The shocking and bizarre story of a 61 year old blind man who was tasered by the police after they mistook his stick for a samurai sword, has once again raised the quesion of the ineptitude and brutality of the force. Colin Farmer thought he was being mugged before realising that he was being attacked by "a thug in a policeman's uniform". Which was indeed the case.
Needless to say the institutional violence, corruption and racism of the police has long been apparent. In the 1970s and 1980s it seemed as though you only had to put a place name and number together to find a miscarriage of justice. The 1990s unfolded beneath the cloud of the brutal murder of Stephen Lawrence, and the fallout from the ensuing Macpherson report. By the start of the new millenium the old bill had revised their modus operandi entirely by cutting out the middleman. No longer fitting up people for crimes they didn't commit or simply ignoring evidence the police took to unlawfully kililng people all by themselves.
These high profile examples are merely the tip of the ice berg. On a daily basis people feel the effects of police bullying, harrassment and intimidation although the outcome is not, thankfully, always as catastrophic as in the cases of the Birmingham Six, Jean Charles de Menezes or Ian Tomlinson. In the past week I've seen the owner of a local sandwich shop sell up after months of the old bill "just popping in for a chat", and a young Asian single mother fined for wasting police time after reporting a mugging. And perhaps most farcically of all a friend of mine was wrongfully arrested for threatening a woman with a knife.
Residents at a block of flats in Portsmouth called the police after seeing a man threaten his girlfriend with a kitchen knife following an especially heated argument. When the police arrived they were looking for a man in his late fifties, balding and with no teeth. My friend - in his forties, elogently coiffured, and with a mouthful of teeth (many of which are still his own) - answered the knock at the door expecting the police to enquire about that evening's events. Instead they grabbed hold of his arm, hauled him out of his home and handcuffed him. All of which took place as his five year old grandson played in the background. Unsurprisingly my friend voiciferously protested his innocence, though it fell on deaf ears. The only time the friendly neighbourhood bobbies spoke was when they warned my friend to "behave" because he was appearing "increasingly agitated".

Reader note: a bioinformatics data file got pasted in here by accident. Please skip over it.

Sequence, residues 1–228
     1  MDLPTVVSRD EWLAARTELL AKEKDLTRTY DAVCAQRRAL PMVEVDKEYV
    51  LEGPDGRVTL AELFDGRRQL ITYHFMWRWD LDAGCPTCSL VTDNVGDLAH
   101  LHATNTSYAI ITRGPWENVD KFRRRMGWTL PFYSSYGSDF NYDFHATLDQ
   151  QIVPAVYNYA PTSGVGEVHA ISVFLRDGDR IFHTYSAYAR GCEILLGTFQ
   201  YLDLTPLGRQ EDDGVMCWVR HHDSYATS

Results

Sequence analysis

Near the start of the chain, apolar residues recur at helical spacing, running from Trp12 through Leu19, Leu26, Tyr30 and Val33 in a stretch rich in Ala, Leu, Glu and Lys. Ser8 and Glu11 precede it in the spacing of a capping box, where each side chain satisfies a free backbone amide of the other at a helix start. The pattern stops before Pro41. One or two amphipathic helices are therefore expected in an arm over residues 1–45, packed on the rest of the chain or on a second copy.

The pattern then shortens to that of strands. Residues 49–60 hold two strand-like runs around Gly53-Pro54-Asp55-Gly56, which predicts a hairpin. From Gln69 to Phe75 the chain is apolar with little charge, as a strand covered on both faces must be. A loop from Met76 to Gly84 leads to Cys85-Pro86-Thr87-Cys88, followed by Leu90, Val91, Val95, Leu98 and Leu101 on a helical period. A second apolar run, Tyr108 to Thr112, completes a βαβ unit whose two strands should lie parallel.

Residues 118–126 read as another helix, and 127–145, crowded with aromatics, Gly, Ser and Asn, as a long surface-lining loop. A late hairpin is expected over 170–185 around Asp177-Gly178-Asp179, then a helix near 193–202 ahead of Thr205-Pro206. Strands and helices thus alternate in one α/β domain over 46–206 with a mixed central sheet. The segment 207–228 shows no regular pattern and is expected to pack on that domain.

To be fair to the plod, they had managed to find both the right street and the right block of flats, but it was at this point that their Holmesian powers of deduction failed them. They got the wrong man because they went to the wrong flat. It appears their sense of direction was askew because they had run the criminal records of people in the block and my friend's name had produced a hit. However his record is spotless, and the caution on record belonged to his son who shares his name. The police had arrived full of pre-conceived ideas and nothing was likely to change that - especially the evidence in front of their eyes. Not even the intervention of the couple who had made the original 999 call could dissuade the police from pursuing their error to its illogical conclusion.
Eventually, as my friend was on the verge of being thrown into a meat wagon, the cop in charge asked him to open his mouth. "Oh," said the brains of the operation. "It's not you. You've got teeth." Elementary! An hour after being released, and with his wrists grazed and bruised, my friend answered his front door again to once more be confronted with the police. "Er, yes, well, er, sorry about earlier. Can we ask you some questions about the man with the knife?" Raising his eyebrows in exasperation my friend asked if they were joking before shutting the door in their face.
Still the whole shambolic episode did allow my friend the glimmer of a silver lining. That night he phoned the police himself to report an assault. Could he provide a description of his assailants? "Yes, certainly officer, there were three of them, all wearing police uniforms. I even managed to get their numbers if that would help..."
The truth is that thiis kind of incident is all too commonplace - and even worse if you happen to be from an ethnic minority. The police are held up as the neutral upholders of a neutral law. How far from reality this is! Fundamentally their job is to maintain the status quo. It should come as no surprise that their actions are so often conceived in ignorance and prejudice and executed with arrogant contempt. If you want to know where the institution of the police force stand in class terms, try a simple test. See how much use they are when you have a bike nicked, and compare that to the speed with which thousands of riots cops descend upon London when a bunch of lefties march past McDonalds, Starbucks and Nike.